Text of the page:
The Loss of Painting

Lynette Yiadom-Boakye, 11 pm Friday, 84 x 72 inches, oil on canvas, 2008 (courte
Lynette Yiadom-Boakye, 11 pm Friday, 84 x 72 inches, oil on canvas, 2008 (courtesy of the artist)

Viktor Witkowski responds the Jerry's Saltz's recent New York Magazine article Art’s Insidious New Cliché: Neo-Mannerism, in which Saltz bemoans "that ever-expanding assembly of anemically boring, totally safe artistic clichés squeezing the life out of the art world right now... Looking at 2-D work, I'm this close to that old Carter-administration-era croak of 'Painting is dead.' Again."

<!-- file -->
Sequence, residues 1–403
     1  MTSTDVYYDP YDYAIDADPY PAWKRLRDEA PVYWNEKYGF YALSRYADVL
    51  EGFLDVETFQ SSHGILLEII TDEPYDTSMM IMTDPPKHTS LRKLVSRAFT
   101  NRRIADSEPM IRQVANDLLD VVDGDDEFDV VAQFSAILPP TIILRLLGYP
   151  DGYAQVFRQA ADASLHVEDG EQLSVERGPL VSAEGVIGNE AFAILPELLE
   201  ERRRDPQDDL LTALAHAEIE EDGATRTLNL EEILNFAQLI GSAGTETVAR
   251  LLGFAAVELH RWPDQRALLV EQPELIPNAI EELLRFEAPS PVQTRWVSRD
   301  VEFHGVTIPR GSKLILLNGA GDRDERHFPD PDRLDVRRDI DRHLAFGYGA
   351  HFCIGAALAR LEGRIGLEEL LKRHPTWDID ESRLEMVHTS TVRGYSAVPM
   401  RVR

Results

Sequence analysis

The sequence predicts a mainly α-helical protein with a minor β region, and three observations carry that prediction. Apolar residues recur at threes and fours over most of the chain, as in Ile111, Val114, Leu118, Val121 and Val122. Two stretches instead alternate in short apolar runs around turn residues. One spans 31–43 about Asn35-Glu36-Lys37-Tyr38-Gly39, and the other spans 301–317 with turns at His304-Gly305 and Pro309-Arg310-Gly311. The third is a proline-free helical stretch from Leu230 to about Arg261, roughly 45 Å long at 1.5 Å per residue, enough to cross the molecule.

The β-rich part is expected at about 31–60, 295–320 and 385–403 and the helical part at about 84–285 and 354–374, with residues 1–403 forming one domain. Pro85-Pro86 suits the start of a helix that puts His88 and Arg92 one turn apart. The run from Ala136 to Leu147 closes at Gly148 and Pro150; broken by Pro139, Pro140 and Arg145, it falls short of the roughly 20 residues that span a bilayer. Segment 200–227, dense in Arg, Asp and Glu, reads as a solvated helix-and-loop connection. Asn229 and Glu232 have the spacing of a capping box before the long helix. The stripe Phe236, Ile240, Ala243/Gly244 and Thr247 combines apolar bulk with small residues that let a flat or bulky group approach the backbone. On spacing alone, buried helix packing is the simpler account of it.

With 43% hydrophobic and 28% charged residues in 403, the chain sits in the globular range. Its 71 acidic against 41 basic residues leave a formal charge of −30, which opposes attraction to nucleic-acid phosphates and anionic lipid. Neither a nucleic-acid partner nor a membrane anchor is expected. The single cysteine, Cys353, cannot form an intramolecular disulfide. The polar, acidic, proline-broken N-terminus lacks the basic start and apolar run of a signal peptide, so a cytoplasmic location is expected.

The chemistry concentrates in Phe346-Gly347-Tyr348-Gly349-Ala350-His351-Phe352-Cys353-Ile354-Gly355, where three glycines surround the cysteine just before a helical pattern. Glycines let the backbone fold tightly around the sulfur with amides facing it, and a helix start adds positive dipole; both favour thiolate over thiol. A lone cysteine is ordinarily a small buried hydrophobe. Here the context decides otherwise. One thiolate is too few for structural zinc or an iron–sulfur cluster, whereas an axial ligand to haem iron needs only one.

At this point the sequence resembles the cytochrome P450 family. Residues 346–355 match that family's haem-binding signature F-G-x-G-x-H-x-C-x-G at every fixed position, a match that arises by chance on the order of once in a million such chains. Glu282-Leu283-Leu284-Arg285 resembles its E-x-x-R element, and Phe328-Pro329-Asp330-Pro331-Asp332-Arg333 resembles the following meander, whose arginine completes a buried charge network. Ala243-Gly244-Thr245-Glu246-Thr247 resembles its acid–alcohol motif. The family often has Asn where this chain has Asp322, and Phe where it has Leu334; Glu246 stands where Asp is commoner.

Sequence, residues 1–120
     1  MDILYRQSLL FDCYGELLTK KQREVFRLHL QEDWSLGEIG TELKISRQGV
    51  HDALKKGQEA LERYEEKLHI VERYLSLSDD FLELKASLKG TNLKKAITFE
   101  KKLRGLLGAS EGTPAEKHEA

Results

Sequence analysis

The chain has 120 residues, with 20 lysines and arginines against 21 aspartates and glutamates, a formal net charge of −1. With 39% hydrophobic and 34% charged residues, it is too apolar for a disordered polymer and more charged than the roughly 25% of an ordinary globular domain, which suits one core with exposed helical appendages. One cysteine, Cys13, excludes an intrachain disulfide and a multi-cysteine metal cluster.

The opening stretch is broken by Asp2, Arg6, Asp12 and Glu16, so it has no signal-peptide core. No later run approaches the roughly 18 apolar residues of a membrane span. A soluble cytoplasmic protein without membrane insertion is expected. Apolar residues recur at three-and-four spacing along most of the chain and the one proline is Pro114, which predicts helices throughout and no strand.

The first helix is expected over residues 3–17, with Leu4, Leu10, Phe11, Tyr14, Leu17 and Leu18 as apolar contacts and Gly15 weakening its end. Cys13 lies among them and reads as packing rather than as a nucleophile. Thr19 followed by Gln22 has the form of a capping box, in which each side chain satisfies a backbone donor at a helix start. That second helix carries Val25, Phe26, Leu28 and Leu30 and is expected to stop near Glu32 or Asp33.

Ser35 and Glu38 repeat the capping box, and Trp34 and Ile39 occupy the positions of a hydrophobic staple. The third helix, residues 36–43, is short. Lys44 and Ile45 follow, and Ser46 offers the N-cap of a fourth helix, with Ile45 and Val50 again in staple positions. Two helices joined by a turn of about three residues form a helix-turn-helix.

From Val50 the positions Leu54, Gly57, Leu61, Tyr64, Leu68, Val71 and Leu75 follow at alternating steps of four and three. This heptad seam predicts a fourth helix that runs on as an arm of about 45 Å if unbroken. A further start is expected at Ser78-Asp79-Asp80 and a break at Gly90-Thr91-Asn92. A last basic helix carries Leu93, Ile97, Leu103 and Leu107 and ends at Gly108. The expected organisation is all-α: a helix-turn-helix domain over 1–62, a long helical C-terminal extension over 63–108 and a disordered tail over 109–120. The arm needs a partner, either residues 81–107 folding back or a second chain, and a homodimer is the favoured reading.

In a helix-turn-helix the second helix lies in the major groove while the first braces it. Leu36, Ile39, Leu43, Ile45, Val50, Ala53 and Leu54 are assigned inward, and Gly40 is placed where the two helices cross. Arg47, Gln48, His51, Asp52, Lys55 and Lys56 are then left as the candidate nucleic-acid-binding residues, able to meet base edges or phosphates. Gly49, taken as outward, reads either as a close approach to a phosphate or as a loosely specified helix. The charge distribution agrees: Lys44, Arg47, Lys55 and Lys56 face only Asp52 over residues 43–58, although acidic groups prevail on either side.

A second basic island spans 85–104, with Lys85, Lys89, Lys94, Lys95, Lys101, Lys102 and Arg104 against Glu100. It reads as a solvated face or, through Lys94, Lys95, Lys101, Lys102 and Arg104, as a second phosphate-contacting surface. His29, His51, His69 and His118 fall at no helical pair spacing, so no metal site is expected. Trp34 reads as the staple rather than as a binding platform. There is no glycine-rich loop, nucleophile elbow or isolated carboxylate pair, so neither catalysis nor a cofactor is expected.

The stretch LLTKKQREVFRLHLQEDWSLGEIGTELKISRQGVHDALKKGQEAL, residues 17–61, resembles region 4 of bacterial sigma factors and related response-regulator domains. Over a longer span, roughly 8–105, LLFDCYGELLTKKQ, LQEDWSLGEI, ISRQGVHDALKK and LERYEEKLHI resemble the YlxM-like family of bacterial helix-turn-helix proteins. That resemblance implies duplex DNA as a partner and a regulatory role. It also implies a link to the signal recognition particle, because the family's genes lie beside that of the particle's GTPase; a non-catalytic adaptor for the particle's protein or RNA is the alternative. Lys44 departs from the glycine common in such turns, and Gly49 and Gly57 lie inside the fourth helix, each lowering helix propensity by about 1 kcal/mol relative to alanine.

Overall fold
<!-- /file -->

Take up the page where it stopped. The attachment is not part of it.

Although Witkowski agrees with Saltz that "current mannerisms in painting are undermining its potential and strength," he cites Lynette Yiadom-Boakye as an example of an aritst who "reveals some of her references (a mix of Velasquez, Manet, James Ensor and occasionally George Condo), but always manages to deliver paintings that stand on their own... Her work is not about pledging alliance to a painterly style or fashion. Yiadom-Boakye is committed to painting alone and what it is capable of doing if left alone and entrusted with its most powerful of tools."